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Chest. 2012 Feb;141(2 Suppl):e185S-e194S. doi: 10.1378/chest.11-2289.

Approach to outcome measurement in the prevention of thrombosis in surgical and medical patients: Antithrombotic Therapy and Prevention of Thrombosis, 9th ed: American College of Chest Physicians Evidence-Based Clinical Practice Guidelines.

Author information

1
Department of Clinical Epidemiology and Biostatistics, McMaster University, Hamilton, ON, Canada; Department of Medicine, McMaster University, Hamilton, ON, Canada. Electronic address: guyatt@mcmaster.ca.
2
Department of Medicine, McMaster University, Hamilton, ON, Canada.
3
Keck School of Medicine, University of Southern California, Los Angeles, CA.
4
University of New Mexico, Albuquerque, NM.
5
St. Joseph's Hospital, Hamilton, ON, Canada.
6
Mayo Clinic, Rochester, MN.
7
Centre for Clinical Epidemiology and Community Studies, Jewish General Hospital, Montreal, QC, Canada.
8
Case and VA Medical Center, Case Western Reserve University, Cleveland, OH.
9
University of Rochester, Rochester, NY.
10
Stanford Stroke Center, Palo Alto, CA.
11
State University of New York at Buffalo, Buffalo, NY.
12
David Braley Cardiac, Vascular, and Stroke Research Institute, Hamilton, ON, Canada.

Abstract

This article provides the rationale for the approach to making recommendations primarily used in four articles of the Antithrombotic Therapy and Prevention of Thrombosis, 9th ed: American College of Chest Physicians Evidence-Based Clinical Practice Guidelines: orthopedic surgery, nonorthopedic surgery, nonsurgical patients, and stroke. Some of the early clinical trials of antithrombotic prophylaxis with a placebo or no treatment group used symptomatic VTE and fatal PE to measure efficacy of the treatment. These trials suggest a benefit of thromboprophylaxis in reducing fatal PE. In contrast, most of the recent clinical trials comparing the efficacy of alternative anticoagulants used a surrogate outcome, asymptomatic DVT detected at mandatory venography. This outcome is fundamentally unsatisfactory because it does not allow a trade-off with serious bleeding; that trade-off requires knowledge of the number of symptomatic events that thromboprophylaxis prevents. In this article, we review the merits and limitations of four approaches to estimating reduction in symptomatic thrombosis: (1) direct measurement of symptomatic thrombosis, (2) use of asymptomatic events for relative risks and symptomatic events from randomized controlled trials for baseline risk, (3) use of baseline risk estimates from studies that did not perform surveillance and relative effect from asymptomatic events in randomized controlled trials, and (4) use of available data to estimate the proportion of asymptomatic events that will become symptomatic. All approaches have their limitations. The optimal choice of approach depends on the nature of the evidence available.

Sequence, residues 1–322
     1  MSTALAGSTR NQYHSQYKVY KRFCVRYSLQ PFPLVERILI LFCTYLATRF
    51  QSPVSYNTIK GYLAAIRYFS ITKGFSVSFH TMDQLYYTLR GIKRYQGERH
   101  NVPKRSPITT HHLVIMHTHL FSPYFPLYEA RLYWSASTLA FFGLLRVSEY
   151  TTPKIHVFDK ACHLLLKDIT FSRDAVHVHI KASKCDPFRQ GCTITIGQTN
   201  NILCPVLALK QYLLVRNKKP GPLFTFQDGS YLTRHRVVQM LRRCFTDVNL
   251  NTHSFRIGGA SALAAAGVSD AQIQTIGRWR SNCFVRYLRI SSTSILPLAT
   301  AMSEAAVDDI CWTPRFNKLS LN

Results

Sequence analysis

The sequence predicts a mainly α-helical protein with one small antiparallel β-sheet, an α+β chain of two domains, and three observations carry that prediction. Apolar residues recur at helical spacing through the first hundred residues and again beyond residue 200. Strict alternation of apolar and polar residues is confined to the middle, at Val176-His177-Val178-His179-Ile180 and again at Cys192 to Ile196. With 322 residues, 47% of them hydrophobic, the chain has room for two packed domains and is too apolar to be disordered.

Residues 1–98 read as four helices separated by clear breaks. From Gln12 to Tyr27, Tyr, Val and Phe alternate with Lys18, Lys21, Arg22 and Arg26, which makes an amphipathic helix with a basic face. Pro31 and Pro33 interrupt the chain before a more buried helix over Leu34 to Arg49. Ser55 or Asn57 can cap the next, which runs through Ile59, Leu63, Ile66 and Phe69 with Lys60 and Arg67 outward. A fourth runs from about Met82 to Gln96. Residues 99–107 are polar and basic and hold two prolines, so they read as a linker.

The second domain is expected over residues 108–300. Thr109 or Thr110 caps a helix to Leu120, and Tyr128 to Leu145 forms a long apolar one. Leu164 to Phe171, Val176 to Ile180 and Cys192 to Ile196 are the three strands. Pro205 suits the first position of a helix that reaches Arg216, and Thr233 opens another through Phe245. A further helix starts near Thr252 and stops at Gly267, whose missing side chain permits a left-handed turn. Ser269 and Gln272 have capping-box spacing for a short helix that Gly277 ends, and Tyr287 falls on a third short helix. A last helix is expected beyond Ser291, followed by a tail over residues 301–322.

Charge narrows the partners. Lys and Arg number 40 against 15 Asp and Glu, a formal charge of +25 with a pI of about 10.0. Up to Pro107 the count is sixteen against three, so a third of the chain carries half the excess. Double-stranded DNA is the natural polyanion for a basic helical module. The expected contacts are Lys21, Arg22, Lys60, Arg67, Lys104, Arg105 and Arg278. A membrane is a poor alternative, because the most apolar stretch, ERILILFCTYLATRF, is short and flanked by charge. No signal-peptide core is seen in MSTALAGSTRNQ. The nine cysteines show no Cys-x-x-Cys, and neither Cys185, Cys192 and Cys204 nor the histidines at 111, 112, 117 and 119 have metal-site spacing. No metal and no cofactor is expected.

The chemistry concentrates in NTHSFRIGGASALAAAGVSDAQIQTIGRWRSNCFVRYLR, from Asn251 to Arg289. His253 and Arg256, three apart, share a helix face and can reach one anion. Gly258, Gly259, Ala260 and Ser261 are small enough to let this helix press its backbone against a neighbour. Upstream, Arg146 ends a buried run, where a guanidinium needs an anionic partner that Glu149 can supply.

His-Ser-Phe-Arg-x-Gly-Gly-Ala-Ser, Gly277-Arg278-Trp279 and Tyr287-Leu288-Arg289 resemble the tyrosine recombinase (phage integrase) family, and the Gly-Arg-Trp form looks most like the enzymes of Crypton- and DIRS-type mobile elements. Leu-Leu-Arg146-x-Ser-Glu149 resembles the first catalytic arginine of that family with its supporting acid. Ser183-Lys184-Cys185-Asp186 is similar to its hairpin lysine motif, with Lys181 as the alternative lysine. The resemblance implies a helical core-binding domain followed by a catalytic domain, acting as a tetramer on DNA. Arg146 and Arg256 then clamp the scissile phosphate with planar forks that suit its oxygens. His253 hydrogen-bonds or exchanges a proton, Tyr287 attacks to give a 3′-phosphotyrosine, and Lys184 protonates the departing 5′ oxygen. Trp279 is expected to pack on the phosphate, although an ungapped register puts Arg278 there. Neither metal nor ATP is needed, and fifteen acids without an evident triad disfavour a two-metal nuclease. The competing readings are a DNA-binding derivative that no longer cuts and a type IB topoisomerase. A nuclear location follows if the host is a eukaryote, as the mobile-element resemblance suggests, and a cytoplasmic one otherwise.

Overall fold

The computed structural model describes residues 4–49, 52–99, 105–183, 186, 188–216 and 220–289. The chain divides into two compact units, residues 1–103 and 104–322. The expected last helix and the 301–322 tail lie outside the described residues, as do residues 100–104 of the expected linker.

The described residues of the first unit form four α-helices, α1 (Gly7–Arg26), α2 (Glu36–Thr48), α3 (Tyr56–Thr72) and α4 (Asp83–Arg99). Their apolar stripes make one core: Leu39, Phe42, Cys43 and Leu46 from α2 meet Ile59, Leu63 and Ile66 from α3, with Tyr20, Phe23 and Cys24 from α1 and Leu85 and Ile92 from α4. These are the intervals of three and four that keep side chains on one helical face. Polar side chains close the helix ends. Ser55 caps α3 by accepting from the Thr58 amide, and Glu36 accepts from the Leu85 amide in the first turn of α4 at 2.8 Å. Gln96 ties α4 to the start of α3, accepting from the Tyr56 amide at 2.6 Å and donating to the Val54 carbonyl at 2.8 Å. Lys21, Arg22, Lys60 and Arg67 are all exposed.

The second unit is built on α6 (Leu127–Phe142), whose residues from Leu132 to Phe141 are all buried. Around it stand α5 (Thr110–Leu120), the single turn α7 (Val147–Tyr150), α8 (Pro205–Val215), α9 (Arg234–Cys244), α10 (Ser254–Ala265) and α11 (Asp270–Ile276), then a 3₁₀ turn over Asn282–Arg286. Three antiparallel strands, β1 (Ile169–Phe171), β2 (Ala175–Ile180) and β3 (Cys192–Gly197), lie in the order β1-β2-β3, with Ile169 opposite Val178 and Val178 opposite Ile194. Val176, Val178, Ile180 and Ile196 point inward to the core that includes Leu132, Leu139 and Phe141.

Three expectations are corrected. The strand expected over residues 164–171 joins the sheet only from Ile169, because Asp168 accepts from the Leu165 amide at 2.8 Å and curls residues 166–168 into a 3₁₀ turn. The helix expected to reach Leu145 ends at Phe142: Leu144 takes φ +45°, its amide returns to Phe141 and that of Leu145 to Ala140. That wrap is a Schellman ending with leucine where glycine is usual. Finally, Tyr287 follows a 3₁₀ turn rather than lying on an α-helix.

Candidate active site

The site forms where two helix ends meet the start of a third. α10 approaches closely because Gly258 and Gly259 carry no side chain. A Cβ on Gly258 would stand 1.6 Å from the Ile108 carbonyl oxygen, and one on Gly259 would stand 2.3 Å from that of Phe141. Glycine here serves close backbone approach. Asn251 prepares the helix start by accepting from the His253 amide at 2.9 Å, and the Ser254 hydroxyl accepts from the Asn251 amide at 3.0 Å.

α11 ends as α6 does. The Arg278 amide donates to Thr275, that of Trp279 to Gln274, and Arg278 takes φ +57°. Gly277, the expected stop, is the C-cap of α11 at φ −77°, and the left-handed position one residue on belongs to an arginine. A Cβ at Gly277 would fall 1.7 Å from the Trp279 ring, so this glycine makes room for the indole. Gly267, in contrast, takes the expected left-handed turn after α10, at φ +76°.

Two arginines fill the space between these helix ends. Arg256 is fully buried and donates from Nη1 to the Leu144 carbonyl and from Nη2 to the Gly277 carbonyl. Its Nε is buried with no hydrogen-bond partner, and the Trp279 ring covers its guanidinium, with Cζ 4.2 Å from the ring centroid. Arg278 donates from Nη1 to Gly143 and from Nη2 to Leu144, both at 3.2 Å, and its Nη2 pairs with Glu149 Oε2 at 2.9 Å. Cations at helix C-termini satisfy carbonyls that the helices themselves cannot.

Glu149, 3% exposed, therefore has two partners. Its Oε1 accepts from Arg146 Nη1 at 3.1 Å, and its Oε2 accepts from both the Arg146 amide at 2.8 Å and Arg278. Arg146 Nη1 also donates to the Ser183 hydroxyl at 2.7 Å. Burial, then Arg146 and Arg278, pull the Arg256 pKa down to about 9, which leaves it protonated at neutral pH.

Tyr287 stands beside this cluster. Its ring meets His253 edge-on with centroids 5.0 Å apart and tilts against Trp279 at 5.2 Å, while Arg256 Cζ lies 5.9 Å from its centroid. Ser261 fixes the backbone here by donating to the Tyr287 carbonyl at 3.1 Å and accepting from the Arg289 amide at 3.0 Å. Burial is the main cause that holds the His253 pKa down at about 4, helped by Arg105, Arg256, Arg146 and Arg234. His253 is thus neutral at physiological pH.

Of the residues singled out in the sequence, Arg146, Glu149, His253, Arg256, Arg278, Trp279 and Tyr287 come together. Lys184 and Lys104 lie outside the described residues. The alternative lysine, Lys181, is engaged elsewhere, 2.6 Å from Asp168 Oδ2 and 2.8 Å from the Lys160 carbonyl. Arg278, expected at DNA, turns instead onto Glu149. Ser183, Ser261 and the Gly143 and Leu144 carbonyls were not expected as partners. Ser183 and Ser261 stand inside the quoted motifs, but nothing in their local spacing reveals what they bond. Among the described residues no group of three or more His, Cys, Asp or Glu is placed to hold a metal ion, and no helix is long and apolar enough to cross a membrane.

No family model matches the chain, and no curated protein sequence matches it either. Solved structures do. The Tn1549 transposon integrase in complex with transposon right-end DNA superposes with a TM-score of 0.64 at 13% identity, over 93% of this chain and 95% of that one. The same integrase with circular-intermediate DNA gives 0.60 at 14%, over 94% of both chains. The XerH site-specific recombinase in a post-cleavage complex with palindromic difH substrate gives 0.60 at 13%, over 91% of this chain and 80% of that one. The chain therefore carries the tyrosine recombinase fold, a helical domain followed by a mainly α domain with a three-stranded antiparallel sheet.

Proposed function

PMID:
22315260
PMCID:
PMC3278047
DOI:
10.1378/chest.11-2289
[Indexed for MEDLINE]
Free PMC Article

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